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Finding Non-Hermetic Behavior in WORKSPACE Rules

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In the following, a host machine is the machine where Bazel runs.

When using remote execution, the actual build and/or test steps are not happening on the host machine, but are instead sent off to the remote execution system. However, the steps involved in resolving workspace rules are happening on the host machine. If your workspace rules access information about the host machine for use during execution, your build is likely to break due to incompatibilities between the environments.

As part of adapting Bazel rules for remote execution, you need to find such workspace rules and fix them. This page describes how to find potentially problematic workspace rules using the workspace log.

Finding non-hermetic rules

Workspace rules allow the developer to add dependencies to external workspaces, but they are rich enough to allow arbitrary processing to happen in the process. All related commands are happening locally and can be a potential source of non-hermeticity. Usually non-hermetic behavior is introduced through repository_ctx which allows interacting with the host machine.

Starting with Bazel 0.18, you can get a log of some potentially non-hermetic actions by adding the flag --experimental_workspace_rules_log_file=[PATH] to your Bazel command. Here [PATH] is a filename under which the log will be created.

Things to note:

  • the log captures the events as they are executed. If some steps are cached, they will not show up in the log, so to get a full result, don't forget to run bazel clean --expunge beforehand.

  • Sometimes functions might be re-executed, in which case the related events will show up in the log multiple times.

  • Workspace rules currently only log Starlark events.

To find what was executed during workspace initialization:

  1. Run bazel clean --expunge. This command will clean your local cache and any cached repositories, ensuring that all initialization will be re-run.

  2. Add --experimental_workspace_rules_log_file=/tmp/workspacelog to your Bazel command and run the build.

    This produces a binary proto file listing messages of type WorkspaceEvent

  3. Download the Bazel source code and navigate to the Bazel folder by using the command below. You need the source code to be able to parse the workspace log with the workspacelog parser.

    git clone
    cd bazel
  4. In the Bazel source code repo, convert the whole workspace log to text.

    bazel build src/tools/workspacelog:parser
    bazel-bin/src/tools/workspacelog/parser --log_path=/tmp/workspacelog > /tmp/workspacelog.txt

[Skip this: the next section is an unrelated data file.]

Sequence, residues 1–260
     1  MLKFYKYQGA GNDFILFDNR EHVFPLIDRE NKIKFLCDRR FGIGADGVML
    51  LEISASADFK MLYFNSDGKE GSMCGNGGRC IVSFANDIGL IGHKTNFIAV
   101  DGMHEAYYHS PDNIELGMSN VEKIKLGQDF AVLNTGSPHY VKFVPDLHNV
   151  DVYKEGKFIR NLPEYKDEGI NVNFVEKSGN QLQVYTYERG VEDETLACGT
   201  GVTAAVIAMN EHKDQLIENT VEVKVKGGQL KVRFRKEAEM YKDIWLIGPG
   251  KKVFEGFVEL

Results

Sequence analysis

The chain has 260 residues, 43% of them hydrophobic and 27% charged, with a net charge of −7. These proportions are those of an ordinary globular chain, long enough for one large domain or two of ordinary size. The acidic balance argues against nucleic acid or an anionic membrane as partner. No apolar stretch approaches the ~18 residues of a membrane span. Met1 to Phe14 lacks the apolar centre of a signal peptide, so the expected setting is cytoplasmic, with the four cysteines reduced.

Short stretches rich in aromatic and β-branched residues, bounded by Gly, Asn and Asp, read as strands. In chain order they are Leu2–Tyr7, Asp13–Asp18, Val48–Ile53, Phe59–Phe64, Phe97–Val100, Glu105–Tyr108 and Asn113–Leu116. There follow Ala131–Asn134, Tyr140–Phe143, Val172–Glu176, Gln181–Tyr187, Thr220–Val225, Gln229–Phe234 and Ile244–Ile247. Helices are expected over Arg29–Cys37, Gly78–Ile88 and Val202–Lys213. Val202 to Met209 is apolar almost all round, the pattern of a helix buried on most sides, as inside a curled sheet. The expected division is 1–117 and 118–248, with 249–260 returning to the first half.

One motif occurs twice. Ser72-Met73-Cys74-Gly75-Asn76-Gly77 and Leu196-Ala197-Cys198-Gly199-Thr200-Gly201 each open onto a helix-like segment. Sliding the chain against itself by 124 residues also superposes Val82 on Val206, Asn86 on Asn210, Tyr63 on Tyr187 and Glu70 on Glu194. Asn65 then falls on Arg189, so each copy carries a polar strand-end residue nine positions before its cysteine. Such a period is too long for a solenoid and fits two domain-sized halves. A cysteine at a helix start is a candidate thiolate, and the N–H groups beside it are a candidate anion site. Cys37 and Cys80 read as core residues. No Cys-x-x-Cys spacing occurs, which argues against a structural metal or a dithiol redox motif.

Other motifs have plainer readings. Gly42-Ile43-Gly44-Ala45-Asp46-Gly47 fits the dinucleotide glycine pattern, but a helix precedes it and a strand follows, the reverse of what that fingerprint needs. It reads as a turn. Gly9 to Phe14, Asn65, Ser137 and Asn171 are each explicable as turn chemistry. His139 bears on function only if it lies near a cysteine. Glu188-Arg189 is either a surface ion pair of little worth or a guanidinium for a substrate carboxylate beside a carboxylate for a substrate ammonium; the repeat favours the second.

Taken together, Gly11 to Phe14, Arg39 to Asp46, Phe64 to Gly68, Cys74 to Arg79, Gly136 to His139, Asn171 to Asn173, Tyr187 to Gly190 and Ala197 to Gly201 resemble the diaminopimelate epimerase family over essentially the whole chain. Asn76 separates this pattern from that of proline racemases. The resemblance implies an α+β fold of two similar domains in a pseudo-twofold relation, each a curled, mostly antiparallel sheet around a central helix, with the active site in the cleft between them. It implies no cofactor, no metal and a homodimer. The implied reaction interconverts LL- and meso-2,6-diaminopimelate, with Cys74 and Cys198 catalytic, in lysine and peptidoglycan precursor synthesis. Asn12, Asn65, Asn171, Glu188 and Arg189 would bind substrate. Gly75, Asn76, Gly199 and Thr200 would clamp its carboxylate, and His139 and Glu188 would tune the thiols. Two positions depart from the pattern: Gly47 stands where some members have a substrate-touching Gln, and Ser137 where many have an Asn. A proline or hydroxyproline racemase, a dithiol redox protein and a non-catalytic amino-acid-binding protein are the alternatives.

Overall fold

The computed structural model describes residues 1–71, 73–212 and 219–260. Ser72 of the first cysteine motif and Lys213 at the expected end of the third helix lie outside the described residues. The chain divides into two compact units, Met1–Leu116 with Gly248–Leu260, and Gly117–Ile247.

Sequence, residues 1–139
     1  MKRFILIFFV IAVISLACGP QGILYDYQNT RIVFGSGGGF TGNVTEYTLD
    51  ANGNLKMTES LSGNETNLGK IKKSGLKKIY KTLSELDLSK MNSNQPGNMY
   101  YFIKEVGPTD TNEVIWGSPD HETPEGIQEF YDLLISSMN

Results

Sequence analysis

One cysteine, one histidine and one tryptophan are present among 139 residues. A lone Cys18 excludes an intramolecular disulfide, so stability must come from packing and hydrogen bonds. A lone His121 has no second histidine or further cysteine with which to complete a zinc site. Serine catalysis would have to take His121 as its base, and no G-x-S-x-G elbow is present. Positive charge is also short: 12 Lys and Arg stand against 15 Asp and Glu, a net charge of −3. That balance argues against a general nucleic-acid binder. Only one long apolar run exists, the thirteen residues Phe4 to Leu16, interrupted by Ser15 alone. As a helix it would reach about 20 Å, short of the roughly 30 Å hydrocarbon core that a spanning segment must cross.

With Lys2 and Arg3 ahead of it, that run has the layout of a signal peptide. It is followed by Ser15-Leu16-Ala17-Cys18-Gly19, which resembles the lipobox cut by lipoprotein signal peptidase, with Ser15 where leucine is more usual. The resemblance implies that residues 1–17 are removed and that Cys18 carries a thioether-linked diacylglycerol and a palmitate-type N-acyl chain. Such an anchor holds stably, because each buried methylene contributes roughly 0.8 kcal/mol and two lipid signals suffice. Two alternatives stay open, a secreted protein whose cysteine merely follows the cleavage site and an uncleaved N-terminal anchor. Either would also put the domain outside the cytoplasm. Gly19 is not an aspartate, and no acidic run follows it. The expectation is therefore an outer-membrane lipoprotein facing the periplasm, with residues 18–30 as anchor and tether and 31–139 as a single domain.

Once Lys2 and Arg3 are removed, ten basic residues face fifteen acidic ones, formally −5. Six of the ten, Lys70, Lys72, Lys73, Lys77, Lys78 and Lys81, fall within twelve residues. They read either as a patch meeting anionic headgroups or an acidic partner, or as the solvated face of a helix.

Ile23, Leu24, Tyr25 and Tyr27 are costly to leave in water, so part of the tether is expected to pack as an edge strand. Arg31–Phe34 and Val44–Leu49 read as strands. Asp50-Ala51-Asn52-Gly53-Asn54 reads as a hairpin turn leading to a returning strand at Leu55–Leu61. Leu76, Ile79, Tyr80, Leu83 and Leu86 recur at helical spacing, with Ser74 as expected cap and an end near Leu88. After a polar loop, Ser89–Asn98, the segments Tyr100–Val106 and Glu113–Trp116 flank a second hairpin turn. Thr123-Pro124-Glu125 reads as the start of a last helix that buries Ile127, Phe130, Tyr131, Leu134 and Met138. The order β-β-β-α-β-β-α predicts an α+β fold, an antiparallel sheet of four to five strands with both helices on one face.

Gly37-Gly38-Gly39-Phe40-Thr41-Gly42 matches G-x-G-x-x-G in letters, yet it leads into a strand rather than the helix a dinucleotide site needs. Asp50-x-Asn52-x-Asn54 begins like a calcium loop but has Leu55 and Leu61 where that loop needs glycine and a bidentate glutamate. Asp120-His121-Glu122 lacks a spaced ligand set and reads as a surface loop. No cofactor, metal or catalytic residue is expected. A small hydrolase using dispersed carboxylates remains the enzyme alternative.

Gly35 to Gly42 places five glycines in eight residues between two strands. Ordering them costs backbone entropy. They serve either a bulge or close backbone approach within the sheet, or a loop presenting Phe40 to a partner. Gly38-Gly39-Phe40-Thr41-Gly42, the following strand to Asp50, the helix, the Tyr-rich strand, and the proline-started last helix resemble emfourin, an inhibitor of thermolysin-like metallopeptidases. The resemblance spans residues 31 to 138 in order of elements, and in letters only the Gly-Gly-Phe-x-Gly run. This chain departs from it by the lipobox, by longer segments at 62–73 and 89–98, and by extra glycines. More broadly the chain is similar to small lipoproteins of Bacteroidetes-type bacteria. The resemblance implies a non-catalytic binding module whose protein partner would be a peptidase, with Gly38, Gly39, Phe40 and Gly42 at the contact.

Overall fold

5. The output may be quite verbose and include output from built in Bazel rules.

    To exclude specific rules from the output, use --exclude_rule option. For example:

    bazel build src/tools/workspacelog:parser
    bazel-bin/src/tools/workspacelog/parser --log_path=/tmp/workspacelog \
        --exclude_rule "//external:local_config_cc" \
        --exclude_rule "//external:dep" > /tmp/workspacelog.txt
  6. Open /tmp/workspacelog.txt and check for unsafe operations.

The log consists of WorkspaceEvent messages outlining certain potentially non-hermetic actions performed on a repository_ctx.

The actions that have been highlighted as potentially non-hermetic are as follows:

  • execute: executes an arbitrary command on the host environment. Check if these may introduce any dependencies on the host environment.

  • download, download_and_extract: to ensure hermetic builds, make sure that sha256 is specified

  • file, template: this is not non-hermetic in itself, but may be a mechanism for introducing dependencies on the host environment into the repository. Ensure that you understand where the input comes from, and that it does not depend on the host environment.

  • os: this is not non-hermetic in itself, but an easy way to get dependencies on the host environment. A hermetic build would generally not call this. In evaluating whether your usage is hermetic, keep in mind that this is running on the host and not on the workers. Getting environment specifics from the host is generally not a good idea for remote builds.

  • symlink: this is normally safe, but look for red flags. Any symlinks to outside the repository or to an absolute path would cause problems on the remote worker. If the symlink is created based on host machine properties it would probably be problematic as well.

  • which: checking for programs installed on the host is usually problematic since the workers may have different configurations.